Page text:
Matt J was busy running Papercamp last Saturday. One of my favourite things to emerge from the day was Basil Safwat’s Processing.A4. It’s computational cardboard; you follow the instructions on it to replicate the output of the Substrate Processing script.
Troika have launched their new artwork, Shoal, in Toronto.
Spanning across a 50 meter long corridor, 467 fish-like objects wrapped in iridescent colours and suspended from the ceiling rotate rhythmically around their own axis to display the movements and interdependency typical to school of fish.
Niklas Roy’s My Little Piece of Privacy is a delightful computer-vision project:
My workshop is located in an old storefront with a big window facing towards the street. In an attempt to create more privacy inside, I’ve decided to install a small but smart curtain in that window. The curtain is smaller than the window, but an additional surveillance camera and an old laptop provide it with intelligence: The computer sees the pedestrians and locates them. With a motor attached, it positions the curtain exactly where the pedestrians are.
I really enjoyed his video of it – first, the project displayed-as-is, and then a detailed explanation of what the computer’s “seeing”. Through both parts, the hilarity of the little, jerkily moving curtain is not lost.
I’ve been enjoying dataists – a new blog about the science and interprtation of data – a great deal recently. Today’s post about What Data Visualisation Should Do is particularly good:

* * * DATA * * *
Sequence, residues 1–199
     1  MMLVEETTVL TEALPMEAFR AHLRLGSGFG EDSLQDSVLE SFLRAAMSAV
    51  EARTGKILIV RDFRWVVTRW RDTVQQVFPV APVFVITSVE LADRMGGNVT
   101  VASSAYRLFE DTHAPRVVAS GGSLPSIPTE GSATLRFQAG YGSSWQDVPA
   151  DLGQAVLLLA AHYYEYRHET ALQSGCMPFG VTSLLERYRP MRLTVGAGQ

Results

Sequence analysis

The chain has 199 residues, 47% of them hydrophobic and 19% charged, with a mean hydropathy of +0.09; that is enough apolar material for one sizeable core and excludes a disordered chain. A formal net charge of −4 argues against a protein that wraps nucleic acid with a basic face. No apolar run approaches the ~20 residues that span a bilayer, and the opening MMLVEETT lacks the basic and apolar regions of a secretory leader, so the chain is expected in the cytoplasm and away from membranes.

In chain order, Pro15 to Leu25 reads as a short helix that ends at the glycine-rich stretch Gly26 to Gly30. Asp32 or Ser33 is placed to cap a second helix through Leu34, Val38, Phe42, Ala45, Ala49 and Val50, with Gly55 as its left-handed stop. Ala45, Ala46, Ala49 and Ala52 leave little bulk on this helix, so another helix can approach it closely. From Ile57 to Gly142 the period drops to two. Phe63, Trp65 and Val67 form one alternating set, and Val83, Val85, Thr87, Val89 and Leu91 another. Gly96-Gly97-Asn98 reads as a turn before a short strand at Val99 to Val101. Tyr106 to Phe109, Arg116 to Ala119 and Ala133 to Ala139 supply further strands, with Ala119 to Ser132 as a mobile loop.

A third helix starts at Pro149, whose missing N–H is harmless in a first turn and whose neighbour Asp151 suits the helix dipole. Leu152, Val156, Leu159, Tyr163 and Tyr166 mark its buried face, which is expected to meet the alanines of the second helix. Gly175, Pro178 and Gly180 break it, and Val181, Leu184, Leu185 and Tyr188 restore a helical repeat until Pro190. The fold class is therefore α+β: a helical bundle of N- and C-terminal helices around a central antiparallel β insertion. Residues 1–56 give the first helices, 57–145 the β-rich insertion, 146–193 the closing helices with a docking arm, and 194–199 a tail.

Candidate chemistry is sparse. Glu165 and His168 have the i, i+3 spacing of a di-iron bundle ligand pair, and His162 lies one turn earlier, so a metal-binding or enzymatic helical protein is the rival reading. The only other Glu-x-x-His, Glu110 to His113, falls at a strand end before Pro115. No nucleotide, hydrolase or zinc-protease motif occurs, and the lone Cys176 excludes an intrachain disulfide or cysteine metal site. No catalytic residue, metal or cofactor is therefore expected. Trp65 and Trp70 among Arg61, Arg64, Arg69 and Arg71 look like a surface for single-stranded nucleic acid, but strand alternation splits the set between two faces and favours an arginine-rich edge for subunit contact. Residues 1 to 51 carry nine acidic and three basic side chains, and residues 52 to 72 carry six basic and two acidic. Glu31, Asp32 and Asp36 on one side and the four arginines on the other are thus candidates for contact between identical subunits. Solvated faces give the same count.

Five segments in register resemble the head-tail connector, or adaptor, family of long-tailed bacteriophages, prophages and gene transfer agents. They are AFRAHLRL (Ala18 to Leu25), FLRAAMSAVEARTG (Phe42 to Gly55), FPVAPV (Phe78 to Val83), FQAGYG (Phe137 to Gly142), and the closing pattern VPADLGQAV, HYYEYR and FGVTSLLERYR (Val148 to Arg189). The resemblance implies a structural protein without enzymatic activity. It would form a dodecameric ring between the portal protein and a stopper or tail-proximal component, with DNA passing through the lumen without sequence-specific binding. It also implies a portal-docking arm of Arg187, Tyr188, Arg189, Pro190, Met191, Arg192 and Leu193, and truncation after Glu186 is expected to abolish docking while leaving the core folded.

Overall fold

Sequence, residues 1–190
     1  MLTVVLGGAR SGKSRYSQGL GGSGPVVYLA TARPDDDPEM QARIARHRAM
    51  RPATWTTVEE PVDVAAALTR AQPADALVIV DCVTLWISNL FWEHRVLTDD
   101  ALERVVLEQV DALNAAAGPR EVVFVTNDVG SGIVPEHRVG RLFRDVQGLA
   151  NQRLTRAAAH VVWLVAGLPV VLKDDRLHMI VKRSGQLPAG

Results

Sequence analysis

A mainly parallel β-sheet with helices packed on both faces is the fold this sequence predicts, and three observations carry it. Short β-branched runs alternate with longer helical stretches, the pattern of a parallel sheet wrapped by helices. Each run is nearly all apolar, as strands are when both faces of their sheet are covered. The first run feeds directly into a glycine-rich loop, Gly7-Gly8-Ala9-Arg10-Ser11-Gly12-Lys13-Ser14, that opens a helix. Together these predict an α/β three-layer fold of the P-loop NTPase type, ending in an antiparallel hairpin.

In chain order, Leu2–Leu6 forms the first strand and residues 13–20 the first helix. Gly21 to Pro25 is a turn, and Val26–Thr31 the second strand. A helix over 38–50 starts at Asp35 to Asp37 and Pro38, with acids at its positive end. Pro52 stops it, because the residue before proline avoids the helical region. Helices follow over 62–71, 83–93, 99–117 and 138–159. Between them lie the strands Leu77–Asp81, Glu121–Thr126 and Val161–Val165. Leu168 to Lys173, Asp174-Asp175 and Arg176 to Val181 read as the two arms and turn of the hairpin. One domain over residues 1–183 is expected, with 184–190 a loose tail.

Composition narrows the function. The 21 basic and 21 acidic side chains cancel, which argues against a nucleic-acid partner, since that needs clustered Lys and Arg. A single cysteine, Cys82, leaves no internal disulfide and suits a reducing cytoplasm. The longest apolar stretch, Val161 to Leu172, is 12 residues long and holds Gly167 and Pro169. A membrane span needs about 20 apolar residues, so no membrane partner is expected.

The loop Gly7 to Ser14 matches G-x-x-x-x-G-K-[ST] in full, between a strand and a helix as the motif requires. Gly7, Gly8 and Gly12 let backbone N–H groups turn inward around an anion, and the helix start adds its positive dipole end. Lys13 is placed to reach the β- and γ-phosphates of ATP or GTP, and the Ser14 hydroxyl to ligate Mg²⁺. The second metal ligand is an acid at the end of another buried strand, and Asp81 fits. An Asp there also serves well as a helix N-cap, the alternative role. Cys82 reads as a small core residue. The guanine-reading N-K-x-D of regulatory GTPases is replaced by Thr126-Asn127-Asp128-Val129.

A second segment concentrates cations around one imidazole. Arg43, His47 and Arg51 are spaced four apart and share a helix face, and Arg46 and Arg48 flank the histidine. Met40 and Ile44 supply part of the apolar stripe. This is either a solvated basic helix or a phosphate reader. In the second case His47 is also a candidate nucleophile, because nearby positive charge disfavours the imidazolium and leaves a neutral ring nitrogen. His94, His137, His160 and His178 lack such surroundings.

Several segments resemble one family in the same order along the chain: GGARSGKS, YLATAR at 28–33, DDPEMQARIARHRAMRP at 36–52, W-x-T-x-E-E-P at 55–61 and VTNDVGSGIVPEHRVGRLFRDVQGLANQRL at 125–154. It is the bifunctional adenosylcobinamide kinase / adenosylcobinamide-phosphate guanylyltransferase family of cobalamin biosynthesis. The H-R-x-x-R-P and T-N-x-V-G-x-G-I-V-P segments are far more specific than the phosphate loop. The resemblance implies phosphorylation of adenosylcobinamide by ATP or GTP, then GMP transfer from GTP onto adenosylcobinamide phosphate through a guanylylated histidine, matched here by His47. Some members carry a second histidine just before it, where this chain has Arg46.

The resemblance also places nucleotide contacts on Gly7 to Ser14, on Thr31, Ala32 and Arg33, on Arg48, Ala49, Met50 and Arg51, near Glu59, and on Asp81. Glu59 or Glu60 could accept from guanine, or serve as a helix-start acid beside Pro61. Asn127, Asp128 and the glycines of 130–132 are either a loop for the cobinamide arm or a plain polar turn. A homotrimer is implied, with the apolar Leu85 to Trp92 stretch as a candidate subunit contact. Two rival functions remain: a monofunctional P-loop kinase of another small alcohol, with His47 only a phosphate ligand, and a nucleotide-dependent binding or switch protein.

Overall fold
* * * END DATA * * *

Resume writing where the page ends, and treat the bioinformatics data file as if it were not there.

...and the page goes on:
…yesterday I focused on three key things – I think – data visualization should do:
1. Make complex things simple
2. Extract small information from large data
3. Present truth, do not deceive
The emphasis is added to highlight the goal of all data visualization; to present an audience with simple small truth about whatever the data are measuring.
That felt like a nice addition to some of the topics covered in Matt J’s talk at citycamp and my own talk on data from a few weeks ago – but do read the whole post; it’s an insightful piece of writing.
Finally, some stop-motion animation. Our friends Timo Arnall and Matt Cottam recently linked to the videos some of their students at the Umeå Institue of Design produced during their week working on stop-motion techniques. They’re all charming; it’s hard to single any of them out – they’re all lovely – but the dancing radio (above) was a particular favourite.